Information gap activities
It is an activity in which a learner knows the information but other does not know. It is necessary for communication to occur so that the listener actively decodes and reacts. Then the listener speaks becoming the informants for a while. Some of the information gap activities are; discovering missing information, discovering secrets, the role of customer and shopkeeper.
Pair work or group work
The teacher can provide a situation and language function and ask students to discuss that situation and develop dialogues according to the context and present it in front of the class.
Strip story is a technique of presenting a story part- wise in a small slips of paper called strips. This activity is also helpful to develop communicative activity among the students because students need to discuss in pairs where there can be interaction, thinking and sharing. While sharing the ideas they need to use different language function such as describing, negotiating meaning etc. students also develop problem- solving activity from this technique.
This is also a technique which is very helpful in teaching language function. It is a type of drill in which the type of response is controlled but the students provides his or her own content of information. For example:
What did you do after breakfast? I —————
Say how you greet to your teacher in the morning. ————————–
Thus, this type of drill is also very useful to develop communicative skill of the students and can be used as a technique to teach language function.
The teacher can provide a problem in groups so that they should have to do lots of interaction and while interacting with their friends they should use different language functions. For e.g.; requesting, description, questioning, refusing etc. thus, this is also a helpful technique to teach different language functions.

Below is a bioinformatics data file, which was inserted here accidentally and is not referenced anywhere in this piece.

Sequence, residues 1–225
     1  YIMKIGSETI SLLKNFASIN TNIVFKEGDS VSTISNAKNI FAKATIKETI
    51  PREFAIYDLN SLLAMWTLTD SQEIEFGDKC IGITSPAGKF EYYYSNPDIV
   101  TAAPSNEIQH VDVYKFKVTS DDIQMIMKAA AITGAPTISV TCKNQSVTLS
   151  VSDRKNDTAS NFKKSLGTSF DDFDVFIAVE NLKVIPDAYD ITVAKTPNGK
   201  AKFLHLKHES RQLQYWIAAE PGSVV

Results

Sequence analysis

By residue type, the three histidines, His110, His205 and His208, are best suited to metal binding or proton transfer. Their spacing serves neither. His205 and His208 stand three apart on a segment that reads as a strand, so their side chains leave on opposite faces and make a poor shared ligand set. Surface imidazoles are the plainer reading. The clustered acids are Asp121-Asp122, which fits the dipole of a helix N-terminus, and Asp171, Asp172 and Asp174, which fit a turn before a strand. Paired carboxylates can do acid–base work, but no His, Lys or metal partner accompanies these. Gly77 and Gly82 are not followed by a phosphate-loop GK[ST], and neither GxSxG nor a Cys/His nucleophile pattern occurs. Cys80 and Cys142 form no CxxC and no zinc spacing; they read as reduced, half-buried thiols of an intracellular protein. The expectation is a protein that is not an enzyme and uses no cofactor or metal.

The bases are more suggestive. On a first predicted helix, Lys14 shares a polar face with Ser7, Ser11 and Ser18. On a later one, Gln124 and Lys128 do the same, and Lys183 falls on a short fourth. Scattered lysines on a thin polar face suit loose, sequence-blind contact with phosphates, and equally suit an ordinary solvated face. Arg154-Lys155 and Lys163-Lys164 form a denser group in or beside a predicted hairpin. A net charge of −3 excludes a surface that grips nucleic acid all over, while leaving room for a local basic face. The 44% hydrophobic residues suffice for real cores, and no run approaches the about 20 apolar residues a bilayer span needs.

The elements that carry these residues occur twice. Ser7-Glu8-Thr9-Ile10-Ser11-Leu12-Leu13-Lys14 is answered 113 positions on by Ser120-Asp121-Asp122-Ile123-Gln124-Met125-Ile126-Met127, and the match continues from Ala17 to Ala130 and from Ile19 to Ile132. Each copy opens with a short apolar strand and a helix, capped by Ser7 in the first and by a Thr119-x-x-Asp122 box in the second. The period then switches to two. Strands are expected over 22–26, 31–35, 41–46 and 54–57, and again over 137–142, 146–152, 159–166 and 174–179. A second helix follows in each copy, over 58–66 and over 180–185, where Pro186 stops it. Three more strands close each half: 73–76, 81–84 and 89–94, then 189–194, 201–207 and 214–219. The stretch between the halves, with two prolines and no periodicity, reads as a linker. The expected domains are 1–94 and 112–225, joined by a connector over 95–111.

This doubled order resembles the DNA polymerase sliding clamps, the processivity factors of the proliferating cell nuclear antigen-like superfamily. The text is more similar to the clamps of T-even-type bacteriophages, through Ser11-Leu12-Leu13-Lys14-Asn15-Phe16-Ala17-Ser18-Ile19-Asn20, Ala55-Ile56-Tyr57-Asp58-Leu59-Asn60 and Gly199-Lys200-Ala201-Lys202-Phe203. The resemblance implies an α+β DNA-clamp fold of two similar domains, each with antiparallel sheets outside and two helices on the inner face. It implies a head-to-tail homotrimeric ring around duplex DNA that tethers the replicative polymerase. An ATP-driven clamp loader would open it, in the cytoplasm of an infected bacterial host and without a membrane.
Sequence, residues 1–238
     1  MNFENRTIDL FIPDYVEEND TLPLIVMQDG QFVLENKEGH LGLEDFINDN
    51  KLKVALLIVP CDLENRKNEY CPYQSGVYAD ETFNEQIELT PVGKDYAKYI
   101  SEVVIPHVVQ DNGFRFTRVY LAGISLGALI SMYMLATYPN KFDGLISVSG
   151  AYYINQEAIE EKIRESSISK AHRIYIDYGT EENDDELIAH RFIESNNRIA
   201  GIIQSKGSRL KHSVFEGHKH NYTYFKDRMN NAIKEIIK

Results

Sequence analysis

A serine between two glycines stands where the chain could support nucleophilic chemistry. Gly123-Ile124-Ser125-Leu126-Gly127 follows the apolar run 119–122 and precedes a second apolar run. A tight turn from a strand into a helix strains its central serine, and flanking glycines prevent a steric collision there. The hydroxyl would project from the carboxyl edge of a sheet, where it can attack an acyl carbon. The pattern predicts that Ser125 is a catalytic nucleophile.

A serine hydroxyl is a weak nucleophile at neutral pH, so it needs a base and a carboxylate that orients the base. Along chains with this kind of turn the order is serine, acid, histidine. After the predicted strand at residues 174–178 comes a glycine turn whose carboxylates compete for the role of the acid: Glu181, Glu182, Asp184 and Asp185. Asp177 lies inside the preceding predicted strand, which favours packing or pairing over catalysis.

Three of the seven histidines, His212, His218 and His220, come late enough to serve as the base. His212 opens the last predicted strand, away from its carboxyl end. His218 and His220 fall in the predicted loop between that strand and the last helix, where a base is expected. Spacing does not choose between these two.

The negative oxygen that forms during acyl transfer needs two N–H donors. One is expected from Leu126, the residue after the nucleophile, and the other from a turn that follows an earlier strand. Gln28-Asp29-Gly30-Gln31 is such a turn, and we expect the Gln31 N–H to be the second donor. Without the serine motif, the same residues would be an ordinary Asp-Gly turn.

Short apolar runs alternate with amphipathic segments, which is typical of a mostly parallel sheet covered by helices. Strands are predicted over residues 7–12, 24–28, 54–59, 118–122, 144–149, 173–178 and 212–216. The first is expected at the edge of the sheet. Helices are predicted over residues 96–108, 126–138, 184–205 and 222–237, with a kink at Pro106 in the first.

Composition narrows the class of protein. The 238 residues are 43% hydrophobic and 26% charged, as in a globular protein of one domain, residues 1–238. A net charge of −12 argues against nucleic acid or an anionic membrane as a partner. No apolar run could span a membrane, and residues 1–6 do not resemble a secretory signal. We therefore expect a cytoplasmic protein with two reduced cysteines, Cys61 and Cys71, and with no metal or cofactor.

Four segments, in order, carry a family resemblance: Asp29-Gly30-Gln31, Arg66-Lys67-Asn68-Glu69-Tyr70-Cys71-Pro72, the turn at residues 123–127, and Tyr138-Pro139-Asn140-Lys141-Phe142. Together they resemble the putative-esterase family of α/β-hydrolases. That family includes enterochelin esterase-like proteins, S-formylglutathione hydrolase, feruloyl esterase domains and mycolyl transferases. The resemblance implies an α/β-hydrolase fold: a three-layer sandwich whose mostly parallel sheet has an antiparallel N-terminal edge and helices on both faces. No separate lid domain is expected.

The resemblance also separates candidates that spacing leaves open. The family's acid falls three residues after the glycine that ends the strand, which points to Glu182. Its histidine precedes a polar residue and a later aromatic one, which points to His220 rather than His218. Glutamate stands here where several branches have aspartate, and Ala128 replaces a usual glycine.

Communication games are designed to provoke communicative activity among the learners. For e.g. oral games, guessing games, solving the puzzles etc. they are very helpful to teach language function as well as to motivate learners towards learning.
Oral Speech (telling stories or experiences)
While sharing experience or the story among the students, they need to use different types of language function which is more helpful to develop the use of language function. Thus, it is also a technique to develop communicative skill of the language with the help of language function.
Developing other language skills
Teaching language functions is very helpful to develop other language such as: listening, speaking, reading and writing. When we are teaching a language function we can develop other language skills as well and it is the most important aspect of language to develop other language skills.
The main aim of language teaching is for communication and communication of language can be developed when we learn to use language in different context and language function is the way to develop communication among the learners. My experience as I have presented above also shows that teaching language function can help developing speaking skill of the learners. Similarly, above mentioned methods not only help in developing speaking skill but the other skills as well. For e.g. when we are using strip story technique students should speak in order to communicate with their friends as well as they should develop a story based on the strips so that they will use different language functions while writing. They should listen the response of their friends as well as it may be necessary sometimes to read in order to complete the task.
The basic model of teaching language function can be the P-P-P model as in grammar teaching which means presentation, practice and production. Any language function can be taught being based on this model in an effective way. Regarding the techniques of teaching language function, role play is a very popular technique however; there are other techniques such as: strip story, communication games, communicative drill, oral speeches, information gap activities, pair work or group work etc. We can use these methods to teach language function to our learners. Moreover, while teaching language function to our learners we can develop other language skills as well.
Doff, A. (2010). Teach English. New York: Cambridge University Press.
Doff, A., Jones, C., Mitchell, K. (1997). Meanings into words (teacher’s book). New York: Cambridge University Press.
Richards, J.C. (2006). Communicative language teaching today. New York: Cambridge University Press.
Ur, P. (2010). A course in language teaching. New York: Cambridge University Press.